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Facing This Road Together, In Small Steps

Susan Frick | 27 May 2020

In his later years, my Grandpa was sick with cancer and had to drive, with my Grandmother who had Alzheimer's disease, from our place to their home. Though he felt ok when they left, he soon became ill and fatigued and the four-hour trip became overwhelming in his tired and hurting state. He later told the story that to make it home he broke the drive into parts by focusing on just getting to the next town. From there, he focused on the next town, and the next, and the next, until they were finally home.

Life in COVID-19 is like my Grandpa’s drive. The whole experience is overwhelming and exhausting. It’s hard to see the end and we don’t know how it is going to be to get there.

Life as a caregiver for someone with dementia has always felt this way but it seems to be even greater now. Caregivers who have their person at home might be stressed and feeling alone with a lack of resources and support. Caregivers who have their person placed might be overwhelmed from not being able to visit and worries about care. And, everyone is afraid of COVID-19, missing connection, routine, and the ability to interact without worry.

As a Dementia Support Group Leaders, we need to realize that right now our families, and really all of us, are living through a period of immense stress and grief which we cannot change, fix or make go away. Honestly, this has always been the case for Dementia Support Group Leaders but it is so painfully true now. Like Alzheimer’s disease, much of life with this virus is out of our control.

What we can do though, is think like my Grandpa. How can we help our families break this long road down into more manageable parts? How can we help them express and navigate a path which can appear overwhelming? How can we help them find themselves in this collective experience?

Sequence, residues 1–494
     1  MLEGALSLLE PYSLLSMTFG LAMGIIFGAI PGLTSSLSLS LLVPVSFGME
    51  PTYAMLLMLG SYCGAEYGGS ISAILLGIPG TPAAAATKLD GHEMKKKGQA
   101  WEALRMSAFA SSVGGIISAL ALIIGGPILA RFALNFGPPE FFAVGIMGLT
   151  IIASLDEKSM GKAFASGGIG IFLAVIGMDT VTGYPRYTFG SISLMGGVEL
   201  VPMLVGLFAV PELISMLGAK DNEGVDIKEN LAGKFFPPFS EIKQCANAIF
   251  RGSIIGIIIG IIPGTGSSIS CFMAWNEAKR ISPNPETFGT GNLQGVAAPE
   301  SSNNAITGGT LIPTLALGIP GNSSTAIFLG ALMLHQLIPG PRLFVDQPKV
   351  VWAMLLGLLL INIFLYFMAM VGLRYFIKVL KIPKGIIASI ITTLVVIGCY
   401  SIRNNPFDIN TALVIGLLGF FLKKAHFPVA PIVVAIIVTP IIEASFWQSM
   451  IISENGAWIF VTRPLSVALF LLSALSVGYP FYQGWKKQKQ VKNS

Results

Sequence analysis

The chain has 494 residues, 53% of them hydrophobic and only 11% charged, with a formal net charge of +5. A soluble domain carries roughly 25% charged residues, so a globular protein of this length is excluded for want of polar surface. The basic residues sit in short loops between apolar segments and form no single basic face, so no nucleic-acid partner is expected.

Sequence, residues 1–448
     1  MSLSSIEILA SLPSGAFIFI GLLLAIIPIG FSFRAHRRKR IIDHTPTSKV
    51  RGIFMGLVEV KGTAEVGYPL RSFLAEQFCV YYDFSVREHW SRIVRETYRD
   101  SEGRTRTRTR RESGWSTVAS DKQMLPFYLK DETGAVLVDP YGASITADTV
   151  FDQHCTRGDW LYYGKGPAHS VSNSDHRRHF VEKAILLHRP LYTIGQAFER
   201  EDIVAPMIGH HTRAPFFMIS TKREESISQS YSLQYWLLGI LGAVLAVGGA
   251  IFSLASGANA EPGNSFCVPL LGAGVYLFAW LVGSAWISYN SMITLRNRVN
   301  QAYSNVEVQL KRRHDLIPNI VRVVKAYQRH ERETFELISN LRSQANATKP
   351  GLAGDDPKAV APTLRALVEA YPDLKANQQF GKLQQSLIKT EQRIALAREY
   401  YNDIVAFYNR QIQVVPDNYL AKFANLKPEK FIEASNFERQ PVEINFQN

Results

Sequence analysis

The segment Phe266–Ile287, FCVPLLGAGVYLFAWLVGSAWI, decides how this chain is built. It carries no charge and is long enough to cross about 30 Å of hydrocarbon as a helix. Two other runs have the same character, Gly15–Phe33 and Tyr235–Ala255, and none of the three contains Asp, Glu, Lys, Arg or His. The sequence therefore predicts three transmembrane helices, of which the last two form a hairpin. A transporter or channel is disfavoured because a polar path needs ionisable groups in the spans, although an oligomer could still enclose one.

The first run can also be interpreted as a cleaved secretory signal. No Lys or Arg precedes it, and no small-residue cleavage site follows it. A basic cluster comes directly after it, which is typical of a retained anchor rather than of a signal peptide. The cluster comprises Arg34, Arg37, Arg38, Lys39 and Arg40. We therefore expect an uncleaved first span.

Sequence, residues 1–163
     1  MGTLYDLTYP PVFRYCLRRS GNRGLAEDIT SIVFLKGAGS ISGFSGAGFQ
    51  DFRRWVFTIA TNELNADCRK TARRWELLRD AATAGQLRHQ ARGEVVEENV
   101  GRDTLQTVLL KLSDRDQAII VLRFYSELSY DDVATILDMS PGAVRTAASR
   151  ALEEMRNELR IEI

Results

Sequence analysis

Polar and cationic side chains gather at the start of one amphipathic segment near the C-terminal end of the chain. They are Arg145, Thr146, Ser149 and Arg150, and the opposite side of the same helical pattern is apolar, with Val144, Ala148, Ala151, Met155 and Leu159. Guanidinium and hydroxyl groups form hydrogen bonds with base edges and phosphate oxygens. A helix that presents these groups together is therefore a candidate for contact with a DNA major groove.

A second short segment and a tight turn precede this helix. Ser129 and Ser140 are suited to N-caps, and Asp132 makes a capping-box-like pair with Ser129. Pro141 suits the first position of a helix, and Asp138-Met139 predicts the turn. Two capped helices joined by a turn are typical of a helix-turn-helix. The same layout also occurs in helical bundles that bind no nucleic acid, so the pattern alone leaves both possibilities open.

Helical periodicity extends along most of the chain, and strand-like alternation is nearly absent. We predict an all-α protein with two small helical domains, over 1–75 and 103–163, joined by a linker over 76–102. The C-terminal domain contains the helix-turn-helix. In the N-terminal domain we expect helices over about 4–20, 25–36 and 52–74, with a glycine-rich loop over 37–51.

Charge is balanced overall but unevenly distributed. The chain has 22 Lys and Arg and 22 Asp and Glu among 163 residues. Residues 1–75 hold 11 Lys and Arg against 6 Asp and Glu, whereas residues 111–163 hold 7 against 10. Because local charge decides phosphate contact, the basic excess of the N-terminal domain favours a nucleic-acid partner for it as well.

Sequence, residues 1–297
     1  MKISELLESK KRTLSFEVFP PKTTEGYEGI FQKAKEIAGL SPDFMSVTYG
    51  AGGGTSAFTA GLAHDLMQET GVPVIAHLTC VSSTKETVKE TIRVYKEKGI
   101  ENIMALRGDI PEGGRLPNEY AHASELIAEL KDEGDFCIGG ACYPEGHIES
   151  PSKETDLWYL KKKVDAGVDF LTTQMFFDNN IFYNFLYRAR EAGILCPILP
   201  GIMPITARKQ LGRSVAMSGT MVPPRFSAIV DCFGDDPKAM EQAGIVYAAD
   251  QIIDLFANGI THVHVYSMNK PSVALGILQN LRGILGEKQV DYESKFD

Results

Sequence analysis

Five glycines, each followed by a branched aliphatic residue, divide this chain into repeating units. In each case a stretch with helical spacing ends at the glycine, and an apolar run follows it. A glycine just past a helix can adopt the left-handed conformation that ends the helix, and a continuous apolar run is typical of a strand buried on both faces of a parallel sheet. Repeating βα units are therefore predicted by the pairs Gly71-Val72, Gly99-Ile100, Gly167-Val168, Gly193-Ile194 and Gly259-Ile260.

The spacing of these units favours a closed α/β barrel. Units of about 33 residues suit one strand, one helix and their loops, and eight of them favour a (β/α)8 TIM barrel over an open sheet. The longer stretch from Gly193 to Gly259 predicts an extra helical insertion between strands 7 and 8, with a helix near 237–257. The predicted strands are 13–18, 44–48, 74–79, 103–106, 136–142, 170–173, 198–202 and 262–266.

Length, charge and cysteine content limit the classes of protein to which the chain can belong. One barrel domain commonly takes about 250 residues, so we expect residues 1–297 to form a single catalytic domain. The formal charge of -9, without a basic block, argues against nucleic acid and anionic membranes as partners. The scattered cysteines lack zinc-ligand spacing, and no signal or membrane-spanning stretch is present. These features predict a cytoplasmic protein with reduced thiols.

Even in times of social distancing, we as Dementia Support Group Leader need to create community. We need to have ways for people to express their worry, their concerns, and share their stories. Though it will not change the situation, giving space to share can ease a burden. We need to help break this long road into smaller moments and though some will be frustrating or scary, some will hopefully show accomplishment, joy, humor, or peace.

Right now, we cannot see the end of this journey with COVID-19 but we can get there together. The role of the Dementia Support Group leader is to not only be with our group members on this journey but also create the space for all our members to travel together. In doing so, they can help each other get to the next spot and the next and the next.

Susan Frick, MSW, LSW, is the Director of the Rush Alzheimer's Disease Center Without Warning program